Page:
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Updated House passenger rail bill is identical to last year’s promising compromise bill

It’s back! After the encouraging release of a compromise bill to govern the nation’s passenger rail policy in the last Congress, a nearly identical bill was introduced and passed out of committee this month and could be debated on the House floor as early as next week.

Thanks to the leadership of Chairman Shuster and Ranking Member DeFazio on the House T&I Committee, and Chairman Denham and Ranking Member Capuano on the rail subcommittee, the Passenger Rail Reform and Investment Act was introduced and advanced through the full House committee.

This new version is identical to the bill from the last Congress; a compromise bill that recognizes the benefits of a truly national passenger rail system and seeks to improve it rather dwell on drawbacks.

Most importantly, it preserves a national system of state-supported and long-distance routes and authorizes funding for the system that is consistent with the recent appropriations for Amtrak. While passenger rail certainly needs far more investment than it’s getting to truly prosper and meet the burgeoning demand, we were encouraged to see representatives who once had a hard time finding common ground agreeing on some important fundamentals.

We’re hopeful that this important issue will be debated on the House floor in the coming weeks.

Because this bill is basically identical to last year’s version, our summary of that bill from September 2014 can be found below.


Let’s get one issue out of the way up front. The Passenger Rail Reform and Investment Act of 2014 (PRRIA) does indeed lower the authorized amount of funding for Amtrak by 40 percent from in the level last adopted in 2008, capping it between $1.4B and $1.5B for each of the next four years. Although that looks like a step backward, in reality Congress never appropriated the full amount of authorized funds. Because there was no dedicated revenue source passenger rail funding was subjected to a contentious debate over general fund spending each year. The new bill yields to that reality and sets funding at the levels of the last several years.

It’s also worth keeping in mind that we’ve had budget proposals in the House over the last two years that appropriated between $1.0 or $1.1 billion for Amtrak — $400-500 million less than this reauthorization proposal from the same chamber.

There are some other interesting and positive changes worth highlighting.

The bill authorizes new competitive grant programs for the Northeast Corridor and for the national network. These programs are authorized at $150 million each for the next four years. The NEC program requires that states put up their own money equal to the federal grant, and the projects that can be funded must be on a priority project list to be developed by the Northeast Corridor Commission.

The bill will take the important first steps toward restoring rail service to the Gulf Coast, a region that has been disconnected from the national network since Hurricane Katrina forced the suspension of rail service along the coast. It’s an encouraging sign that the committee recognizes the value not only of preserving our current rail network, but expanding it to serve additional regions.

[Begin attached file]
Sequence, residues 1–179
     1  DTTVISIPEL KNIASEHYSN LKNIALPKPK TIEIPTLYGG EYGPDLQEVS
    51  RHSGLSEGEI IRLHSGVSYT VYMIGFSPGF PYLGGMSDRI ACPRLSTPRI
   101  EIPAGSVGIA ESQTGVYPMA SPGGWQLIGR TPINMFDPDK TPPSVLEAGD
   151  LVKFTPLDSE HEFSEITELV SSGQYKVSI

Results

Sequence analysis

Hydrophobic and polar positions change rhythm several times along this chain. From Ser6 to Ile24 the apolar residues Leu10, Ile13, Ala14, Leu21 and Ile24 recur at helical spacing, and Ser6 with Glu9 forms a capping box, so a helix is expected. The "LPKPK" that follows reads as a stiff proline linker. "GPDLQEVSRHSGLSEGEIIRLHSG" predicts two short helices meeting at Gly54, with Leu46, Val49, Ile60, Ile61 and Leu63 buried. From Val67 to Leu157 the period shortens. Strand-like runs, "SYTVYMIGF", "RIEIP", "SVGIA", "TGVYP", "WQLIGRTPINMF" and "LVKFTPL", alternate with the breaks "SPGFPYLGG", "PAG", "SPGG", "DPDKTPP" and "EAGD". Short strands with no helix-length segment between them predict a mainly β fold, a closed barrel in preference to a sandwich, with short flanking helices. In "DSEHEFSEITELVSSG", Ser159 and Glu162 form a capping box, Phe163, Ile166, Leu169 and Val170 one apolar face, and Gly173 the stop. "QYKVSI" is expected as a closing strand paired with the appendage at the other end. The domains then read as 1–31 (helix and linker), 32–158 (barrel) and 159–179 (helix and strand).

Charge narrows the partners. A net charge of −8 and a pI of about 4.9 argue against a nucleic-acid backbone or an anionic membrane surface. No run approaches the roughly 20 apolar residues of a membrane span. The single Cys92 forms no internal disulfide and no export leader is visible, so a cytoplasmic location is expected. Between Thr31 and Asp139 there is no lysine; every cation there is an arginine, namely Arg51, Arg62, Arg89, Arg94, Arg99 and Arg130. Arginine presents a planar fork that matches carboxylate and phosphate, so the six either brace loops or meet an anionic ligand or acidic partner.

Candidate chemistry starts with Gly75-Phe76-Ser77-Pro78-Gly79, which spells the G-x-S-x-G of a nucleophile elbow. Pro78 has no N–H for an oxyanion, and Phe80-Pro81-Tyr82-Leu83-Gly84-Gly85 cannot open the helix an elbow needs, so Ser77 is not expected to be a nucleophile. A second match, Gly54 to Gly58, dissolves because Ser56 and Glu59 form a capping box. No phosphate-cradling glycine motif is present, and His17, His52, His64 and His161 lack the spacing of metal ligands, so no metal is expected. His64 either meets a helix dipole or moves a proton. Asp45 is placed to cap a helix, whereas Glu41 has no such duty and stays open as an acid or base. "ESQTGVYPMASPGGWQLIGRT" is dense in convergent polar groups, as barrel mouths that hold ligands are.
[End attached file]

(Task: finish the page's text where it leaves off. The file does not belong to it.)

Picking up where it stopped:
Some of the overall structure for funding also changes under this bill. Congress currently funds Amtrak under two programs: operating, and capital/debt service. This year, Congress funded these two programs at $1.39 billion. The bill restructures these programs into a Northeast Corridor Improvement Fund and a National Network Account at a total of $1.412 billion. The NEC account may be used only for that corridor and permits Amtrak to reinvest operational revenue there. The idea of privatizing the Northeast Corridor is off the table, at least for now.

The bill includes several requirements intended to create greater transparency in Amtrak’s financial reporting, increasing accountability and oversight over budgets and financial decisions. Calls by some members of Congress for increased competition in passenger rail were answered with a new pilot program (limited to two routes) that will allow rail carriers that own track used by Amtrak to submit a competitive bid along with Amtrak to provide the same level of passenger service there. The winning bidder would receive the right to provide passenger service for 5 years, with subsidies that would decline over time.

This bill does not contain everything that Transportation for America has called for, however.

For example, there’s still no dedicated funding source identified, which means that Amtrak will still have to fight for funding every year in the annual appropriations process. And some of the provisions related to Amtrak’s finances and operations could lead to changes in service down the road, such as the requirement that Amtrak contract with an independent entity to develop a new methodology for determining which routes to serve.

Still, in a Congress marked by partisan gridlock, we’re hopeful that this encouraging compromise in the House can lay the groundwork for creating a dedicated funding source for rail service that will put it on the same footing as other transportation modes.

3 Comments

  1. C B Mier

    3 years ago

    I would like to see passenger travel from Green Bay thru Oshkosh to Chicago

  2. Joseph

    3 years ago

    I hope this means the bottlenecks of the 100 year old Portal Bridge in North Jersey and the deteriorating trans-Hudson tunnels can be replaced. Those are two of the most important projects in the country right now.

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